Woods

Dear mouth opening into a yawn,

Sara Woods

Why did you disappear so quickly?
After our time together I was hoping
we could really make something of this
something lasting more than a few
soft bars to hum later over train sounds.
My wheels are fully greased for once
& all I’ve got to lose are these shapes
I’ve drawn in the snow, one looks like
a duck, and that’s nothing.
I could lose that.

I tried to reach out and grab your hand
when we pulled up to the stop, tried
to send you a message in the chat window
but the webinar was just a recording,
it turns out, and dolphins are smart,
sure, but in what way? And what does it
mean to us? And how do we know
a tree isn’t smart? Or a rock? Or a
smile?

You’ve got three languages you use
when you tell me you have to
leave the party early, to tell me
you have work in the morning,
but I don’t think I know any of them.
Don’t get offended, mouthgesture,
you’re a real beauty, a total knockout
in fact, I just don’t have real teeth
anymore, it’s all synthetic in here
& the sun has words for that kind of
thing, right? Fire-words? That can
keep us warm and kill us all at once?

This thing you’re telling me is the real
live dog I’m holding right now, or
it’s what he looked like as a scrappy
pup, still suckling. Hand me a few
candles for the road and I’ll belt out
something fresh and cool that looks
like a lizard, like the time you turned around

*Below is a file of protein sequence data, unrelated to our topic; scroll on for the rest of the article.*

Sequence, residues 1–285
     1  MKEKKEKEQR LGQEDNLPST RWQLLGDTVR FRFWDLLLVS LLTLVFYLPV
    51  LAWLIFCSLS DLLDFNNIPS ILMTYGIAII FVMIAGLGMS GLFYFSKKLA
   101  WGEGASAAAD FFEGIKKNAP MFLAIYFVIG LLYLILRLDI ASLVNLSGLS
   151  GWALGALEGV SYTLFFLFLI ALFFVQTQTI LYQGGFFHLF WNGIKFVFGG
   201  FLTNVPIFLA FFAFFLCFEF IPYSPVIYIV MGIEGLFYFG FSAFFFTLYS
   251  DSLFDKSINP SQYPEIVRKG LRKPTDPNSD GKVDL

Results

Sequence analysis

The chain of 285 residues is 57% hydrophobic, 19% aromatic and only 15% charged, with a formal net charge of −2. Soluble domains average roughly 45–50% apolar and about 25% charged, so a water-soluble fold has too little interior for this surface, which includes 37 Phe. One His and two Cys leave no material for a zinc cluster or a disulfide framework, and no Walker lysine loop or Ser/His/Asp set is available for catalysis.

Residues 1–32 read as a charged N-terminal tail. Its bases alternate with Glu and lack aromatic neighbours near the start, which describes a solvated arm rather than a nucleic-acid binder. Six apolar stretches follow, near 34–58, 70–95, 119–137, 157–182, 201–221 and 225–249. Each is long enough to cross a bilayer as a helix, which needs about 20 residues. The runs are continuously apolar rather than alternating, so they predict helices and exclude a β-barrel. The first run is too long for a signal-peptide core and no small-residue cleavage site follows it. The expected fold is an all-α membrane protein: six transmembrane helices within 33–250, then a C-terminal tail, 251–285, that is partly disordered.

& I wasn’t there all of a sudden.

Where did I go? You never figured it
out. You just went home & hung your
newest paintings, still wet, & the leaves
outside said soft things, those little hey-
we’re-wet-toos.

Keep well, soldier,
XXXXXXXXX

Dear Juniper,

Have I lost you by now?
We haven’t written in a handful &
I am wondering if I ever really knew you
or if my letters are underneath some snow
somewhere. It’s winter now, a cold one,
& last time I saw you it was sun, or warm
rain & that could mean months or years or
lives ago, but I know once on one of these
days we made clouds with our breaths mixing
& washed our faces & grew beards long enough
to feed the winter birds from. I grew five beards
& you grew twelve, I think, maybe my numbers
are off though, but I know your skin was spotted
then, and mine was striped, and moved across
my back when the sun was out.

I might be making this all up, but were you
a season? Or a dragon? Or a river? Probably
all three, knowing you. It’s time for my bath now,
but let me know when the marble
teeth I carved you finally wear out,
because I can always make more
& the ones they sell in stores
don’t have the love mine do.

Please write,

XXXXXX

Winter Prayer no. 1

Dear thing that is trembling in the
cold dark not late but early,

Hold my hand when my face
wants to cry but only yawns.

Hold my head when all sound comes
into focus as one sharp buzz &
the world makes a decision about
how blurry it wants to be & that
decision is “very.”

Lick my wounds & put me on a shelf
next to a candle for a ghost of heat
that can come tell me how cold it will be
once he’s leaned away again.

Drive me to the bus stop & see me off
to sleep in a seat until I can arrive
in a place that will whisper at my sadness,

Come out lil guy.
It’s okay now, everyone is gone,
left for work you’re not doing

& my dreams will still be a place
with rooms about everything
except what has come to crush me.

In your name,
amen.

SARA WOODS is a transgender poet living in Portland, OR. She is the author of Wolf Doctors (Artifice 2014) and Sara or the Existence of Fire (Horse Less Press 2014). Her poetry and collaborations are published or forthcoming in Columbia Poetry Review, Gulf Coast, Diagram, Salt Hill, Denver Quarterly and Guernica. Find her online at moonbears.biz.

 

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